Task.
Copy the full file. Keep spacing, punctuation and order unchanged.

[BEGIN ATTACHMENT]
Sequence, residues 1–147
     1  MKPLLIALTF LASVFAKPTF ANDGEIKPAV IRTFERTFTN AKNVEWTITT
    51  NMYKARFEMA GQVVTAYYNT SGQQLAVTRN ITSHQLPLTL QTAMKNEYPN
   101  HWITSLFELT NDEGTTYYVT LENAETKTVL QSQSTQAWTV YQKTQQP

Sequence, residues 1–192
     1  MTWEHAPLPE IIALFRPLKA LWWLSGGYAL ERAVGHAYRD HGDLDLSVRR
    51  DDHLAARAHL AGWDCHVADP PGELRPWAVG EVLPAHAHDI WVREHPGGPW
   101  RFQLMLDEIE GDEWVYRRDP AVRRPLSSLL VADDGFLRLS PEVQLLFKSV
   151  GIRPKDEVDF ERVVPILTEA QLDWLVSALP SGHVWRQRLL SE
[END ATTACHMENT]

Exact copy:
Sequence, residues 1–147
     1  MKPLLIALTF LASVFAKPTF ANDGEIKPAV IRTFERTFTN AKNVEWTITT
    51  NMYKARFEMA GQVVTAYYNT SGQQLAVTRN ITSHQLPLTL QTAMKNEYPN
   101  HWITSLFELT NDEGTTYYVT LENAETKTVL QSQSTQAWTV YQKTQQP

Sequence, residues 1–192
     1  MTWEHAPLPE IIALFRPLKA LWWLSGGYAL ERAVGHAYRD HGDLDLSVRR
    51  DDHLAARAHL AGWDCHVADP PGELRPWAVG EVLPAHAHDI WVREHPGGPW
   101  RFQLMLDEIE GDEWVYRRDP AVRRPLSSLL VADDGFLRLS PEVQLLFKSV
   151  GIRPKDEVDF ERVVPILTEA QLDWLVSALP SGHVWRQRLL SE